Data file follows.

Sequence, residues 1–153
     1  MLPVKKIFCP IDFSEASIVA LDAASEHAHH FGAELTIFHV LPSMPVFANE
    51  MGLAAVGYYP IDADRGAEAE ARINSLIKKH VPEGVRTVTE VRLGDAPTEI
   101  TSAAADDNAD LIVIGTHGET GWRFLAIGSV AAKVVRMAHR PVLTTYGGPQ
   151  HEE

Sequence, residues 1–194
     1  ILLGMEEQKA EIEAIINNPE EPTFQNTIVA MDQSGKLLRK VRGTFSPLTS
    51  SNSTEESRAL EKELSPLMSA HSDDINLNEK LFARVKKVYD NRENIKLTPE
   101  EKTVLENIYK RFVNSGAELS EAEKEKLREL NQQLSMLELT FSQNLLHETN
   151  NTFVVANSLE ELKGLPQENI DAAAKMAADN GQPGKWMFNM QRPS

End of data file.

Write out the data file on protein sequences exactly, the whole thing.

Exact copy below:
Sequence, residues 1–153
     1  MLPVKKIFCP IDFSEASIVA LDAASEHAHH FGAELTIFHV LPSMPVFANE
    51  MGLAAVGYYP IDADRGAEAE ARINSLIKKH VPEGVRTVTE VRLGDAPTEI
   101  TSAAADDNAD LIVIGTHGET GWRFLAIGSV AAKVVRMAHR PVLTTYGGPQ
   151  HEE

Sequence, residues 1–194
     1  ILLGMEEQKA EIEAIINNPE EPTFQNTIVA MDQSGKLLRK VRGTFSPLTS
    51  SNSTEESRAL EKELSPLMSA HSDDINLNEK LFARVKKVYD NRENIKLTPE
   101  EKTVLENIYK RFVNSGAELS EAEKEKLREL NQQLSMLELT FSQNLLHETN
   151  NTFVVANSLE ELKGLPQENI DAAAKMAADN GQPGKWMFNM QRPS